Although the utility company assures the residents of the neighborhood that the inconvenience is only "a temporary matter," the blackout has a transforming effect on the neighborhood and its residents. Despite the cold, neighbors chat with one another as they stroll up and down the street carrying flashlights. The darkness and cold, fresh air instill a restless feeling while enforcing a sense of community. "Tonight, with no lights, they would have to eat together," says the narrator, describing the situation inside Shoba and Shukumar's house. The power outage forces a change in routine—from voluntary separation to forced interaction.

Ever since the loss of their child in September, Shoba and Shukumar have lived separate lives under the same roof. Within the span of only a few months, they have constructed for themselves a routine structured on the avoidance of each other and the horrible truth that has changed their married life forever. In an effort to delay her homecoming and an inevitable confrontation with her husband, Shoba spends long hours at work and at the gym. Shukumar, on the other hand, remains ensconced on the third floor, ostensibly writing his dissertation. Both husband and wife are depressed, and neither is willing to acknowledge that their marriage has lost something vital, something more than just romance.

Until recently, Shoba had always been neat and tidy, but now she deposits her briefcase in the middle of the hall and leaves her clothes strewn about the room; she is so weary that she does not even bother to untie her shoes before removing them. At thirty-three, she looks "like the type of woman she'd once claimed she would never resemble." Shoba's slightly rumpled appearance reminds Shukumar of a time when she was more carefree and all "too eager to collapse into his arms." Alas, those days are no more, and her rumpled appearance reveals a different attitude toward Shukumar.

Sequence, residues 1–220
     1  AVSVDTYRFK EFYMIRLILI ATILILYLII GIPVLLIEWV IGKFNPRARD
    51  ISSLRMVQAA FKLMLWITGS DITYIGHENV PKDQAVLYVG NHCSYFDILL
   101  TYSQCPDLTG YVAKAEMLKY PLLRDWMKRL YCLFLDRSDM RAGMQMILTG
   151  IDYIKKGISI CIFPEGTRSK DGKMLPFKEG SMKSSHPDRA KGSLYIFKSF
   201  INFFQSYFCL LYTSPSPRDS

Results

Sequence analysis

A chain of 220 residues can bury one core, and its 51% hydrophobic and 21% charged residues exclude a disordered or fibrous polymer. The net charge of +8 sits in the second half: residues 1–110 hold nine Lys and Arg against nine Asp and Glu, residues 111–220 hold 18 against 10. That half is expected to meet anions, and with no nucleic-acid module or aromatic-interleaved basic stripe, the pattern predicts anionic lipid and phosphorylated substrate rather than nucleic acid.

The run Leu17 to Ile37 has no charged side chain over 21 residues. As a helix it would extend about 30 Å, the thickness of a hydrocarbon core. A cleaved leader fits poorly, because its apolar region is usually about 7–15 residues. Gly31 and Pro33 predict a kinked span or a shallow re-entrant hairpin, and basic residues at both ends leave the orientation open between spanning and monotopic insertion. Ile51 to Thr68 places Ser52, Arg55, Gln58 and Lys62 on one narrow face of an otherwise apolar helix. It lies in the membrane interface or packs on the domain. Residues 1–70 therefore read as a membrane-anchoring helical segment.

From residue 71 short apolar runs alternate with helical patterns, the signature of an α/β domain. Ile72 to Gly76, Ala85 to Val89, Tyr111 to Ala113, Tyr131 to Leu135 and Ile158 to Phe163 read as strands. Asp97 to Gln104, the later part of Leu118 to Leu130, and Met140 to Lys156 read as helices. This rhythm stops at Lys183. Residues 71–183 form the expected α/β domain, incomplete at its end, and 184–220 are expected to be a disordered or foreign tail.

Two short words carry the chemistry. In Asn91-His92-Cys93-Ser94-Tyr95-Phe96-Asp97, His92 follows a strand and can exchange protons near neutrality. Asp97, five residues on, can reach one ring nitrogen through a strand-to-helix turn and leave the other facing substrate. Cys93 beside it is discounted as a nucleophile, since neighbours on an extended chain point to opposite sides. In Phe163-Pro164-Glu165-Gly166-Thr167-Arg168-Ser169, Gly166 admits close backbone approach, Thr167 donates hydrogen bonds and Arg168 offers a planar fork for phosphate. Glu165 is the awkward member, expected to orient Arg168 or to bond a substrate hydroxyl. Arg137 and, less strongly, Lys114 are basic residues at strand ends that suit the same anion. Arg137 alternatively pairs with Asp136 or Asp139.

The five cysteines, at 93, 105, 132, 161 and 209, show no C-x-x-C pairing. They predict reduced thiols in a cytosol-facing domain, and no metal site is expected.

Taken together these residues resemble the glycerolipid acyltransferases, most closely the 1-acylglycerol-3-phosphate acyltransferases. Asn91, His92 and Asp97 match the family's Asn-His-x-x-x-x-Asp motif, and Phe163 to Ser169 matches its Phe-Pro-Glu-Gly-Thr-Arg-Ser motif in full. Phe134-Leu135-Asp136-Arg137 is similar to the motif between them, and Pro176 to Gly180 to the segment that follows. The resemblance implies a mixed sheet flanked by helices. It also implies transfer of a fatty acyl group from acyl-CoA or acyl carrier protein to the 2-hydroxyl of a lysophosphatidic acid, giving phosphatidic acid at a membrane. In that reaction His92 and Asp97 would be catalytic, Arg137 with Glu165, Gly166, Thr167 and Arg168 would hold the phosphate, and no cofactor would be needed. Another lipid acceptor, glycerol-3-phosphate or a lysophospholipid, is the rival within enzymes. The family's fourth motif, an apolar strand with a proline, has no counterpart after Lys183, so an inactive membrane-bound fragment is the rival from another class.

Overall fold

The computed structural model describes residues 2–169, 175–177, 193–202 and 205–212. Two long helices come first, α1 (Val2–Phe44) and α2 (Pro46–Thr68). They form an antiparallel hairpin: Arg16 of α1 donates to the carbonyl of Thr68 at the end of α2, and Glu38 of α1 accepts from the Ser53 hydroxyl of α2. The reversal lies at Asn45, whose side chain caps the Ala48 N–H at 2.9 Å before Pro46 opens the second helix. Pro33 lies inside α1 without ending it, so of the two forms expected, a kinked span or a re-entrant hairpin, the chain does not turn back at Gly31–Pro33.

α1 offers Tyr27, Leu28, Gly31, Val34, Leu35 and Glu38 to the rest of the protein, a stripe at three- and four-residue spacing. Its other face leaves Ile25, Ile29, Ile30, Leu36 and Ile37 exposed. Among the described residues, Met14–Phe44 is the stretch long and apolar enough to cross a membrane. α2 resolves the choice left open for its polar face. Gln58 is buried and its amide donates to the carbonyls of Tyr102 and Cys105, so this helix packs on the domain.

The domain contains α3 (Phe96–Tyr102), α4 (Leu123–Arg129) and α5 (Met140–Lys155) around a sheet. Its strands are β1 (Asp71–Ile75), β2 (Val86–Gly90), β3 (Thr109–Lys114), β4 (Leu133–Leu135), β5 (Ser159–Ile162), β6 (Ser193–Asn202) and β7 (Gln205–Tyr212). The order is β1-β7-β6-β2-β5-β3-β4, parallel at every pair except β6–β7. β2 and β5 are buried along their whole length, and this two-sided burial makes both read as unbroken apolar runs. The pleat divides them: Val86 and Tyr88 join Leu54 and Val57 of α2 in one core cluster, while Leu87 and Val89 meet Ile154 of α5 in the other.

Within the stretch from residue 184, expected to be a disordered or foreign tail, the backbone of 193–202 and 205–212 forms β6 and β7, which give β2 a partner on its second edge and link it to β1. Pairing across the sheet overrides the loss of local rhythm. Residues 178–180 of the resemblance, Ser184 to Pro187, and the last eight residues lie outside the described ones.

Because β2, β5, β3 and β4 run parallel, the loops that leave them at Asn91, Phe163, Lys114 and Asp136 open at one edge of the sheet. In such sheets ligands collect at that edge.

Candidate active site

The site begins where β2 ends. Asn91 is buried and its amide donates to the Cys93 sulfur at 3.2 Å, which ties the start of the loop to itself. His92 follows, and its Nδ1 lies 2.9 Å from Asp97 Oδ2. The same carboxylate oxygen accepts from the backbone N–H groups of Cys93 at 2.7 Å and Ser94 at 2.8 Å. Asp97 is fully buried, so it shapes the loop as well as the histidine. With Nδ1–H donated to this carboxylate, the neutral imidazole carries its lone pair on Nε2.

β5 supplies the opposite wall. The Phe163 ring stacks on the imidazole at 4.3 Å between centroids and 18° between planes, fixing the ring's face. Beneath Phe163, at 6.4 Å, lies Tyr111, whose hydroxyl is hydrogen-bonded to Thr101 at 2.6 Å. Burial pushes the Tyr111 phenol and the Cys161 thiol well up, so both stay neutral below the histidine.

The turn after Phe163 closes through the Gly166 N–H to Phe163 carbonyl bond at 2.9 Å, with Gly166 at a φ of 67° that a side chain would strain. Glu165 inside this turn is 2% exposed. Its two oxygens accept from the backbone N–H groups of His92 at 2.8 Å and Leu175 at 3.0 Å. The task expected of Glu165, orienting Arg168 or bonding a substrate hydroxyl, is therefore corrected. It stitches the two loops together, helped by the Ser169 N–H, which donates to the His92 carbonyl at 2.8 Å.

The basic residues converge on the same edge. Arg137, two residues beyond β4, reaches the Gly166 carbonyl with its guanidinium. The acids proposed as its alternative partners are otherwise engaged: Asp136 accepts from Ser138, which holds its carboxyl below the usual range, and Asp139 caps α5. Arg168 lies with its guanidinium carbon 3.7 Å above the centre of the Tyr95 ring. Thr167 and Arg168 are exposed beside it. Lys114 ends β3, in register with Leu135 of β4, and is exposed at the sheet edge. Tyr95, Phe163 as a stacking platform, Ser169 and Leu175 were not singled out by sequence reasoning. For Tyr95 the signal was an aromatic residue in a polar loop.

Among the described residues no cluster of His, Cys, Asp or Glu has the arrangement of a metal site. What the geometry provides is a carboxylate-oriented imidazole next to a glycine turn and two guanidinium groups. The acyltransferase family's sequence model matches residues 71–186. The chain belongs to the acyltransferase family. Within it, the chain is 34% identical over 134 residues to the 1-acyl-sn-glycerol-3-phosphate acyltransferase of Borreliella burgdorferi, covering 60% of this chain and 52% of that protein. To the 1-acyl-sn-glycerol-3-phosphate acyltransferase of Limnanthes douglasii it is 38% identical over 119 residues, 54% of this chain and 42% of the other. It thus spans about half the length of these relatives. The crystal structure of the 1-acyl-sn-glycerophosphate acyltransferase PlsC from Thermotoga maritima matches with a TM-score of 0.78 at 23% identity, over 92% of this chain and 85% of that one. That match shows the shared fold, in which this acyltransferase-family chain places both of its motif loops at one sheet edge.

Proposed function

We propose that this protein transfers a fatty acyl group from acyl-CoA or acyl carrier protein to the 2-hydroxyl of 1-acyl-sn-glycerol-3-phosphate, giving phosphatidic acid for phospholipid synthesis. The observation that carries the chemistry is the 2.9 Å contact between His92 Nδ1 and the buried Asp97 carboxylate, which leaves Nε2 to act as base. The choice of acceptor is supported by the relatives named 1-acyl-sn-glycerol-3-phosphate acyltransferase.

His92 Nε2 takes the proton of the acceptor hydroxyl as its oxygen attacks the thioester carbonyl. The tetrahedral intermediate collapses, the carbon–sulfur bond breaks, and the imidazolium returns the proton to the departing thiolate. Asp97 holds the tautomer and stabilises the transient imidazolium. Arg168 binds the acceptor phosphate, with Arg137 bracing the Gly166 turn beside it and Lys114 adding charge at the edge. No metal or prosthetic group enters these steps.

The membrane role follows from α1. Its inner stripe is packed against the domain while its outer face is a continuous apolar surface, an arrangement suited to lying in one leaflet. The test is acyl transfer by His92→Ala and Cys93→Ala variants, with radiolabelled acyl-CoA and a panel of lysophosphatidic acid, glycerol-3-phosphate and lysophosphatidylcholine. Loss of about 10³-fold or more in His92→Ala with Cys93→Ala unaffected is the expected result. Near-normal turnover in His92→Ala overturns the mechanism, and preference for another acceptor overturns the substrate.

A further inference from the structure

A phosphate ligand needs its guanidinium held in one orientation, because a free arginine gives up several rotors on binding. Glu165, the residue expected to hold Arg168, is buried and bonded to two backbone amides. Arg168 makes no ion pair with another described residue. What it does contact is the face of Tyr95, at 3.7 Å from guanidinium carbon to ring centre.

The relationship has deteriorated to the point that Shukumar never leaves the house, not even to retrieve the mail, and sleeps until it is almost lunchtime, drinking coffee Shoba had brewed earlier that morning. He cannot find the motivation he needs to finish his dissertation but reads novels instead. Everything in his life seems to have lost color, vibrancy. The love he once felt for Shoba has lost its ardor, for he sees her beauty fading. "The cosmetics that had seemed superfluous were necessary now, not to improve her but to define her somehow." The woman he once loved has disappeared and with her his own passion.